Public education reform, job creation, and more government transparency were among the key themes highlighted by 46th Assembly District candidates during a town hall forum Wednesday night.
The event, moderated by President Tony Braswell, was held during the NCVV’s general board meeting at . Braswell challenged candidates with both prepared questions and those from the audience.
The candidates in attendance were Laurette Healey, Brian Johnson, Andrew Lachman, Adrin Nazarian and Jay Stern; Adriano Lecaros did not attend. All the candidates but Stern, a Republican, are registered as Democrats.
All the contenders said they support a strong public education system, but it was Johnson and Stern who seemed to lead on the issue, citing their backgrounds in education.
Johnson, 34, stressed his track record at Teach For America, a non-profit that recruits college graduates to teach in public schools. By supporting a strong budget plan that ensures education funding, public schools will not only be better, but will also be “the center of safe and secure neighborhoods…and make sure that we have a viable and strong 21st-century workforce,” he said.
Stern, a 66-year-old environmental consultant and chemistry teacher at Panorama High School, said he’s seen the problems within the public education system first-hand.
“The number of students who are failing…accounts for $1 billion,” and that money would better spent on vocational training, he said. His plan to develop a research project on converting organic waste into fuel would also create job opportunities “unemployables” in his communities.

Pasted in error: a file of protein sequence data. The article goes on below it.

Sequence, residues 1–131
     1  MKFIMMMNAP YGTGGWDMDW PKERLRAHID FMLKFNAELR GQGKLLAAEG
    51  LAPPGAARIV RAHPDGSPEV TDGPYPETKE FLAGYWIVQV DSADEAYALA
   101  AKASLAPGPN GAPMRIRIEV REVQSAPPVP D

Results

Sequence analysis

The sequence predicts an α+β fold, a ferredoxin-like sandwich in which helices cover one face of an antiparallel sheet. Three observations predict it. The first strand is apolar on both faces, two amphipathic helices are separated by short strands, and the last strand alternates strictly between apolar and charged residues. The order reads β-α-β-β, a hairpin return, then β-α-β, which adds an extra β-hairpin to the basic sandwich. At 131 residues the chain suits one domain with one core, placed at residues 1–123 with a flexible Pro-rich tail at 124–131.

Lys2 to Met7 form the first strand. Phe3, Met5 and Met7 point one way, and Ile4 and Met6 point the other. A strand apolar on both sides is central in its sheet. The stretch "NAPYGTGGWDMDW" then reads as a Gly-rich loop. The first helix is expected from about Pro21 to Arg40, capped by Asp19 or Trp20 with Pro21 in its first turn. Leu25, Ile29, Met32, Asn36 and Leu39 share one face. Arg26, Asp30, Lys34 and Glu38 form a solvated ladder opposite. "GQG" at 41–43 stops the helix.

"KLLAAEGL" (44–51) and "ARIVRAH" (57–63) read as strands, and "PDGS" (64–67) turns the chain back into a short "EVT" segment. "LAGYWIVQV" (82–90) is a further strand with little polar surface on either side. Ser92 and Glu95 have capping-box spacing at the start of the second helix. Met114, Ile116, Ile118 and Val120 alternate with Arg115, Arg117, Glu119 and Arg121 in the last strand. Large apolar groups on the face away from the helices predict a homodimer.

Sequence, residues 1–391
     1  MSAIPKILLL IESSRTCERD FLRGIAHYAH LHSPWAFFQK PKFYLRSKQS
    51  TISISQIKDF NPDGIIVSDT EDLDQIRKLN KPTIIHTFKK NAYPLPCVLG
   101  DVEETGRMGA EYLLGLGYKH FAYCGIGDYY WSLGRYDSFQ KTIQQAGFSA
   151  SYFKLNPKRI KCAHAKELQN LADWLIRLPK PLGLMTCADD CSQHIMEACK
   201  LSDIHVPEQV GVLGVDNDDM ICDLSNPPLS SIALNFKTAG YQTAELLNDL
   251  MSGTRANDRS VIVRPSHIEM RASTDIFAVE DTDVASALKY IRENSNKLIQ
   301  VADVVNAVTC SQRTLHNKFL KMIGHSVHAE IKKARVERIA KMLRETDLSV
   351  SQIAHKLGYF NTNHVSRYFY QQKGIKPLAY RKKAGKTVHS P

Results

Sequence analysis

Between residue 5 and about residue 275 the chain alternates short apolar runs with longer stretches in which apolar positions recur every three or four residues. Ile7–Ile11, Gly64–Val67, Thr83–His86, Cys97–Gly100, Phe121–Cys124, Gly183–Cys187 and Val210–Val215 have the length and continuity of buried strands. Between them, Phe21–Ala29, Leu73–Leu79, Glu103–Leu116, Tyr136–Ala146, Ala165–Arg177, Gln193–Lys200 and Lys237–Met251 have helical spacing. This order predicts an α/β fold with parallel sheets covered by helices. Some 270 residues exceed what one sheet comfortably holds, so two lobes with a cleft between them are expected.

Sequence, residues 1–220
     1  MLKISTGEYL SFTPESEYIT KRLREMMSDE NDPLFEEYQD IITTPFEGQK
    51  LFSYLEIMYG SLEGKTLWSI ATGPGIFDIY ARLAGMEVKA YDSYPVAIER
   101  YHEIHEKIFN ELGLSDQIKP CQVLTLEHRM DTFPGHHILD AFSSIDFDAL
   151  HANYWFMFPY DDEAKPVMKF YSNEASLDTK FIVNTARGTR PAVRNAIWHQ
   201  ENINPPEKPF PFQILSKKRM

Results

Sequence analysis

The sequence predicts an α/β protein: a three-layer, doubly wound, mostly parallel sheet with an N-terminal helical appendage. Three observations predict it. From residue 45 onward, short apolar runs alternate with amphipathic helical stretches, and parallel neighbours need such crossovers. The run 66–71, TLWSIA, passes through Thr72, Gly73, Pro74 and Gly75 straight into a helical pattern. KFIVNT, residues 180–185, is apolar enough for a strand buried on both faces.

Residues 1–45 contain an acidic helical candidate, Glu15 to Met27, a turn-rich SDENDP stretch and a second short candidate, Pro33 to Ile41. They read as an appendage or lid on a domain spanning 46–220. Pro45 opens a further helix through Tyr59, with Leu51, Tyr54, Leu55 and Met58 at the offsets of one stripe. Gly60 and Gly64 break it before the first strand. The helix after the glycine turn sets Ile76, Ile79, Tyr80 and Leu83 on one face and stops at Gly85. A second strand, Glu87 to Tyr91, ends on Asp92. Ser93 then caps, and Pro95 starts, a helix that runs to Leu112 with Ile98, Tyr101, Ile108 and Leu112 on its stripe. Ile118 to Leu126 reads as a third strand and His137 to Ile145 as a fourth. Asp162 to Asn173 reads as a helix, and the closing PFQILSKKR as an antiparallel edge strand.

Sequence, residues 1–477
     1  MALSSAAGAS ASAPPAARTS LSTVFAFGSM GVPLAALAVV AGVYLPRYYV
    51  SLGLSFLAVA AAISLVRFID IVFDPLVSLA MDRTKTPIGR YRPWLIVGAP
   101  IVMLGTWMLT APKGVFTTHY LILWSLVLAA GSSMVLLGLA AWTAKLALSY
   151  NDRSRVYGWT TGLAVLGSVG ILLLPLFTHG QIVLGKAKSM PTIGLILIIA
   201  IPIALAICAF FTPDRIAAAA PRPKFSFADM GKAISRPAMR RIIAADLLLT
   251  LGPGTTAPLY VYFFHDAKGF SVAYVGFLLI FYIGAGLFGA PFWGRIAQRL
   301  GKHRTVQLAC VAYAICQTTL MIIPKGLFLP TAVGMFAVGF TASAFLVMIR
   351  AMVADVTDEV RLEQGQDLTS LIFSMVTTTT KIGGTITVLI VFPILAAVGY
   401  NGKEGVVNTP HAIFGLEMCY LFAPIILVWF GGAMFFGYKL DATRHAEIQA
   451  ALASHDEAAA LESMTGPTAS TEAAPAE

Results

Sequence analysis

Candidates repeatedly used education as an opportunity to discuss job creation.
Healey, 57, emphasized her experience in workforce training with successful programs at Pierce and Long Beach Community Colleges, which “had the highest job placement in the nation…and won a state-wide award for business projects.” The Sherman Oaks resident and former deputy state controller described herself as an “economist by training,” adding that the programs she spearheaded trained people in fields such as automotive, media and renewable energy.
Both Nazarian and Lachman focused on their leadership experience in government as the key to their successes in the Assembly.
Thirty-eight-year-old Nazarian, who currently serves as chief of staff to Council District 2 Representative Paul Krekorian, said he brings “a breadth of experience” in public service to the table with his background working in the federal, state and local levels of government. “Being (in the Legislature) is not just about passing bills or laws,” he said, but also being an advocate for constituents and the ability to lead.
Lachman, a 42-year-old law professor at Woodbury University in Burbank, said his experience in both the private and public sectors would give him the ability to navigate the system to bring reform in education, cut spending, encourage mass transit and create jobs.
Addressing concerns about how they plan to fight waste within the government, Nazarian stressed the importance of “bringing ethics…(and) allowing the public and constituency to understand how their government works.” Even people within the government are unaware of the different agencies within departments or if private interests are footing their bills, and “the state of California fails in its ability to create transparency.”